This record – born in September 2009 at Casa Da Música (hence the title) – is permeated by a striking forthrightness parallelling the equally impressive dexterity and improvisational fantasy of each of the contributing musicians. Consisting of five “scenes” (plus an encore not indicated on the cover), it is initially a tough nut to crack – no concessions whatsoever, no winks to the audience – but once the essence of the interplay is finally visible, one almost gets a sense of invincibility, of being shielded by some kind of superior power. This feel is reinforced by the awareness of sounds generated by unbending characters who have no intention of giving up a strenuous fight against the “exhaustion by stereotype” syndrome. The way in which the augmented trio rotates extreme collective intensity and large spaces for the actions of single components is pure delight for these ears.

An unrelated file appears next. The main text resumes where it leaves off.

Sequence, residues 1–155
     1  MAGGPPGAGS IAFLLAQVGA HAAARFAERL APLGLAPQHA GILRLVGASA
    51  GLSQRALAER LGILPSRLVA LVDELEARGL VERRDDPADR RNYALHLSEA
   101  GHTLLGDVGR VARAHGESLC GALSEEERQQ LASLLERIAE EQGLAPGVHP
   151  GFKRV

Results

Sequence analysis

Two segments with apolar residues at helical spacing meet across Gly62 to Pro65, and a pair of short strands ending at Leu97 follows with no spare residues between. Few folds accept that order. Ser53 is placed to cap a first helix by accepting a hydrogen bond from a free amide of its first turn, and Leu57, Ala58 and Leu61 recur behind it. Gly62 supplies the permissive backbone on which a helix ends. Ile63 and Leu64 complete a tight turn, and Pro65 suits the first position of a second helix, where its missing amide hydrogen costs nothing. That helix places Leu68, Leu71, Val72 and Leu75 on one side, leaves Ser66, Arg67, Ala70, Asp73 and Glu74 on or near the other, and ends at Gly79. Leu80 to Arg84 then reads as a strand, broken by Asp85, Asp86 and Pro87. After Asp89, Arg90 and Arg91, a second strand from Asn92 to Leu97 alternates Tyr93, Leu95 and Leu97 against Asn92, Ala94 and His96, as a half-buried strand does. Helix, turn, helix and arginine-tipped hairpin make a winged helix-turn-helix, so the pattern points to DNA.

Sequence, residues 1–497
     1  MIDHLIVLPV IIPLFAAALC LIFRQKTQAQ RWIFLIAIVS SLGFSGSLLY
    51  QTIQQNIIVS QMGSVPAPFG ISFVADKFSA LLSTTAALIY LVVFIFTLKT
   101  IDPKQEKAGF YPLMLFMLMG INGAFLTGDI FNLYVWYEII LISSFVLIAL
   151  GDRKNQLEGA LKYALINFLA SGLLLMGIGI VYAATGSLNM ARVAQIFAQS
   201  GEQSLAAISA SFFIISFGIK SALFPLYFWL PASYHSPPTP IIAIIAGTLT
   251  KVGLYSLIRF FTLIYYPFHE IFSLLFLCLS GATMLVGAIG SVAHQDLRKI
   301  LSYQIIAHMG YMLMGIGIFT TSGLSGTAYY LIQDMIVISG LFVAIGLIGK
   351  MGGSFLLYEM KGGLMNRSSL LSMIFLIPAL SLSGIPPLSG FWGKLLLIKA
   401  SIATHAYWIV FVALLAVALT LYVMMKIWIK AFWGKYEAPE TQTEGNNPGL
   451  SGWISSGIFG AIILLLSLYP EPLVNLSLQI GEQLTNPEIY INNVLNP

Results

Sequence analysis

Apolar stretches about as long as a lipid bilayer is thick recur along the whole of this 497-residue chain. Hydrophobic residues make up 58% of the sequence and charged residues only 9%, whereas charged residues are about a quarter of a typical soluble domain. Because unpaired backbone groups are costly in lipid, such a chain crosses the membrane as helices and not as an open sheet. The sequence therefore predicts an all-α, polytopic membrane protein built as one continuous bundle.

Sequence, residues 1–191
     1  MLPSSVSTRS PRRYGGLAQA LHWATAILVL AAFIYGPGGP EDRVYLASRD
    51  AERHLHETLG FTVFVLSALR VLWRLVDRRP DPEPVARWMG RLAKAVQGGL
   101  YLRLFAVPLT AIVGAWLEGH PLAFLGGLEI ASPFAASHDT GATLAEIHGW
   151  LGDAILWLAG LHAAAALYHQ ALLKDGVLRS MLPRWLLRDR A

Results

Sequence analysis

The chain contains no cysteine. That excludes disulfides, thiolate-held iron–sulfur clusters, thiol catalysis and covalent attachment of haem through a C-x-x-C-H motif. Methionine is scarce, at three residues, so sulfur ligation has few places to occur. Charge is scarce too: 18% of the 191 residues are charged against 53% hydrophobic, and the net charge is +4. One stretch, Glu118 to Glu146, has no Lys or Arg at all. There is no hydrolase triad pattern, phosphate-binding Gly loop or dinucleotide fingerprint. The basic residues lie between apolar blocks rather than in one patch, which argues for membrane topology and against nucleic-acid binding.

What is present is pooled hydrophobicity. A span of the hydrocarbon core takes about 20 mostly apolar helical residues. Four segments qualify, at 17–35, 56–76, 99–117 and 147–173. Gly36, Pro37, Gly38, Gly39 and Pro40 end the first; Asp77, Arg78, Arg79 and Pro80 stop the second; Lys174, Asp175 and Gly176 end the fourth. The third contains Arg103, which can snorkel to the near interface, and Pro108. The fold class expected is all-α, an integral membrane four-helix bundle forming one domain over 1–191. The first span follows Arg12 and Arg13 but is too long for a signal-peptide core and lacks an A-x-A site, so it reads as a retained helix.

There is a deceptive prevalence in the mix by the duo of forwards. Parker on the left, tenor and soprano saxes achieving a perfect balance of bulkiness and bright-minded quarrelsomeness, Evans on the right, alternating solitary quacks and hysteric shrieks to the everlasting research for unusual combinations and successions of peculiar physical events. Yet an expert listener immediately realizes that without the remaining factors the music wouldn’t be at the same level of acoustic heftiness and unequivocal originality. Guy’s absolute domination of the low-frequency area through a wooden beast manipulated like a painter’s brush is a vision itself, his solo at the beginning of the fourth chapter a confirmation of a not enough sung magnitude. Lytton is precious and modest, never too much at the mix’s vanguard. Still, there’s no mistaking those incessant anti-rhythms and spastic fragments with negligence, an inalienable percussive creativity lying at the basis of an abnormal type of propulsion that benefits the entire group’s vibrancy.